February 25, 2020

The Incredible Story of a Munich Soccer Team During the Holocaust Offers a Lesson

FC Bayern Munich - Michaela Rehle / Reuters

FC Bayern Munich soccer club is in Los Angeles to play London club Arsenal on July 17. As an avid Arsenal fan, I am delighted my team is in town! But meeting the members of the Bayern Munich leadership team who are committed to defeating anti-Semitism made my week. 

Bayern Munich is to German soccer what the New York Yankees are to Major League Baseball. With 29 titles under its belt, it is the most successful team in German history and among the top soccer clubs in the world. The team’s greatest legacy isn’t its many championship trophies but the principled stand it took for its Jewish membership during the Nazi period in Hitler’s heartland. 

Known as the “Jews Club” because some of its founders, its president, its coach and a disproportionate number of its members were Jewish, the team’s history is being featured in an exhibition that opened this week at the Los Angeles Museum of the Holocaust. It spotlights the enormous pressure the team was under to shed its association with its Jewish members. 

Consider the story of Otto Albert Beer, who served the youth club. Seven of his young recruits were on the team that beat Frankfurt for the German championship in June 1932. 

The Nazi Party was voted into power the very next month. A year later, Beer’s company was confiscated. He tried to flee Germany but nobody would take him — not New Zealand, not Kenya, not Rhodesia. The Nazis sent him to Lithuania, where he, his wife and two sons — one of them a former championship player for the team — were murdered. 

Twenty-six Jewish members of the club were murdered. Four committed suicide. 

And yet, through the horrors, in 1934, FC Bayern defiantly published the names of its Jewish advisory council members and refused to grant a leading role to any National Socialists.

In 1940, the club’s former president, Kurt Landauer, who had fled to Switzerland after a brief stint in Dachau, attended an FC Bayern game. The players all greeted him, infuriating the Nazi regime. Landauer returned to his beloved team in Germany after World War II. He did not have to go back; he chose to do so.

The incredible story of FC Bayern raises an obvious question: When should an athletic team or company make a stand? Is Nike correct to endorse Colin Kaepernick? Were the Chicago Cubs correct to ban a fan for flashing what may have been a white supremacist hand gesture on camera? Only history will tell.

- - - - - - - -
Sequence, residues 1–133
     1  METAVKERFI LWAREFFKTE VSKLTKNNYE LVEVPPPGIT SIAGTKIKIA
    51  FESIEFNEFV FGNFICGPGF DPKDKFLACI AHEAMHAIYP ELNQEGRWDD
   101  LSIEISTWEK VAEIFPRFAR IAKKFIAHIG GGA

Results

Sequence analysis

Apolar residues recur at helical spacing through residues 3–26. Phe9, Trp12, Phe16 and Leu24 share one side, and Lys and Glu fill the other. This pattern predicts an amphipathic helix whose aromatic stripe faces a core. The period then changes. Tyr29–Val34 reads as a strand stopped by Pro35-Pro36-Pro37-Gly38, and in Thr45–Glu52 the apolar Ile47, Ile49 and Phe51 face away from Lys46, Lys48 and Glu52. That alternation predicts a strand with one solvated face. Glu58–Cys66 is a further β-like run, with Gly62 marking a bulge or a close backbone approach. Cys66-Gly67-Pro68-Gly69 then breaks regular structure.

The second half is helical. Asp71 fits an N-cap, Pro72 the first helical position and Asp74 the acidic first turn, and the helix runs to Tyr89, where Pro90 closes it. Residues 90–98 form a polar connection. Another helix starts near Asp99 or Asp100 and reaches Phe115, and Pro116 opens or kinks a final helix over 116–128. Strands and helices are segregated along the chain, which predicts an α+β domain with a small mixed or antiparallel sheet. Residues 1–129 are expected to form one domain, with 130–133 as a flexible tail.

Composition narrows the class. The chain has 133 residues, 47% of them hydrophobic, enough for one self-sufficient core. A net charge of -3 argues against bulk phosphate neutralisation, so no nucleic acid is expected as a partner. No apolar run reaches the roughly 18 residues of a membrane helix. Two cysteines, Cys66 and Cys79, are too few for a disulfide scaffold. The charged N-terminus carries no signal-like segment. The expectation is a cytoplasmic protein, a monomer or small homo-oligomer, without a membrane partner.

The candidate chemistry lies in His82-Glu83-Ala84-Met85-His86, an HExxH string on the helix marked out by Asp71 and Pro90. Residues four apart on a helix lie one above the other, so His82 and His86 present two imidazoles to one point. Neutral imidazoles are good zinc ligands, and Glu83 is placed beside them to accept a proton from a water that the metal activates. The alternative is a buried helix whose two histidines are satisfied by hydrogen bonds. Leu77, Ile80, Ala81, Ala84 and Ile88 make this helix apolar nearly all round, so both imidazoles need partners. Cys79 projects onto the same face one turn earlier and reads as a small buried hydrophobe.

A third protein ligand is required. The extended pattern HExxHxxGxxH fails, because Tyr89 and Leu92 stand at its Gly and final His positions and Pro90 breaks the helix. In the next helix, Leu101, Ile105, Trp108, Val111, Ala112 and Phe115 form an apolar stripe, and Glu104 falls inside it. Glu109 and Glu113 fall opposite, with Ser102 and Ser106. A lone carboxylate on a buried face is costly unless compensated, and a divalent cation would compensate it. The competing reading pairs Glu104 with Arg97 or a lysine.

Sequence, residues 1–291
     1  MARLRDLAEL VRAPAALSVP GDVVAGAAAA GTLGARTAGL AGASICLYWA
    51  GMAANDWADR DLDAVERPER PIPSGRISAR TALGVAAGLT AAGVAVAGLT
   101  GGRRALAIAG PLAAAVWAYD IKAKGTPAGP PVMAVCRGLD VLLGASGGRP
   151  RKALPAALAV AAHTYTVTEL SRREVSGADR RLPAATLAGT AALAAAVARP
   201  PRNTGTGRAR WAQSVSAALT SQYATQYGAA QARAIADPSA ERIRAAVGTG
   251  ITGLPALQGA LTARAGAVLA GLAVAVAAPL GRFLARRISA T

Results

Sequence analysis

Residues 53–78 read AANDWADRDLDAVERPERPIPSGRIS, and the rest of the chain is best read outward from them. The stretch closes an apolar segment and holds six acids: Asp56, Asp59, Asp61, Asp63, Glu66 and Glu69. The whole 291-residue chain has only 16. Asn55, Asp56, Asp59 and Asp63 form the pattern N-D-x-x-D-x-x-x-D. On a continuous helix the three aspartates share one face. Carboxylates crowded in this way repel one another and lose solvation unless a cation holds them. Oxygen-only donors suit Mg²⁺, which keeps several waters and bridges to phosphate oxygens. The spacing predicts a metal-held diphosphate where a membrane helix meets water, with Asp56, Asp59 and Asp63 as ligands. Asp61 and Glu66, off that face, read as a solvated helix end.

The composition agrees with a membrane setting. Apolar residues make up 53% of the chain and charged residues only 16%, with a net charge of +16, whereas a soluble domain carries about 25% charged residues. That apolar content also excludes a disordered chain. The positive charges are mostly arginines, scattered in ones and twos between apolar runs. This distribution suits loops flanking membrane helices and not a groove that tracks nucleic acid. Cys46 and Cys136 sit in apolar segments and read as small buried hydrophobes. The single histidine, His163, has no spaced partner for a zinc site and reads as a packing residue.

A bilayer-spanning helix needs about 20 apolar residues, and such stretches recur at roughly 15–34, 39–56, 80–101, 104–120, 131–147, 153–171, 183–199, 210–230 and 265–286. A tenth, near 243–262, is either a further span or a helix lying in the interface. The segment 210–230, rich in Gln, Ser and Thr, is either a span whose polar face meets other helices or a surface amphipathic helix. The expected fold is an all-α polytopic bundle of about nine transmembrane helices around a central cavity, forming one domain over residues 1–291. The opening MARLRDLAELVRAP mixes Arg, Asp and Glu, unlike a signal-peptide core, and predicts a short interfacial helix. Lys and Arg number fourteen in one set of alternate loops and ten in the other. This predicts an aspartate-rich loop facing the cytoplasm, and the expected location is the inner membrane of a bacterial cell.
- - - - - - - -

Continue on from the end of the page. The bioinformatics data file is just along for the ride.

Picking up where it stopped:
“Bayern Munich and its fans do not have to put themselves on the front line of the fight against anti-Semitism, but they are choosing to do so.”

This week, we have seen heated debate about what it means to be a citizen of the United States. It’s worth remembering that Jews running Bayern Munich were German citizens, until the Third Reich’s citizenship law was enacted in 1935. Place yourself in the shoes of the Beer family, the Landauer family, who had contributed much to German society, won national trophies and were rightful citizens. Did they not have the right to live in peace as Jews, as citizens, as people, irrespective of their religious and political beliefs? German society failed on that, for which they still pay heavily to this day. We would do well to learn that lesson from this story. 

Anti-semitism is on the rise in Europe. “It was the fans that brought attention to our history,” said Karl-Heinz Rummenigge, soccer legend and executive board chairman of Bayern Munich, who was at the opening of the exhibition. He urged that the story of Landauer and the Jews of Bayern Munich serve both a warning and a lesson from the past. 

Vergangenheit warnt, Gegenwart erinnert, Zukunft gibt Hoffnung,” he said in German. “History warns us, the present reminds us, and the future gives us hope.”

Like Landauer, Rummenigge, his board, team and fans do not have to put themselves on the front line of the fight against anti-Semitism, but they are choosing to do so. 

California State Sen. Henry Stern observed that Bayern Munich was using its vast global platform to shift the conversation and shed light in darkness. So, as much I love Arsenal, for once I really don’t care whether Arsenal or Bayern Munich wins the preseason game. What would be a real win is the story of this great sporting club inspiring more of us to stand together in solidarity. 

Stephen D. Smith is the Finci-Viterbi executive director of the USC Shoah Foundation.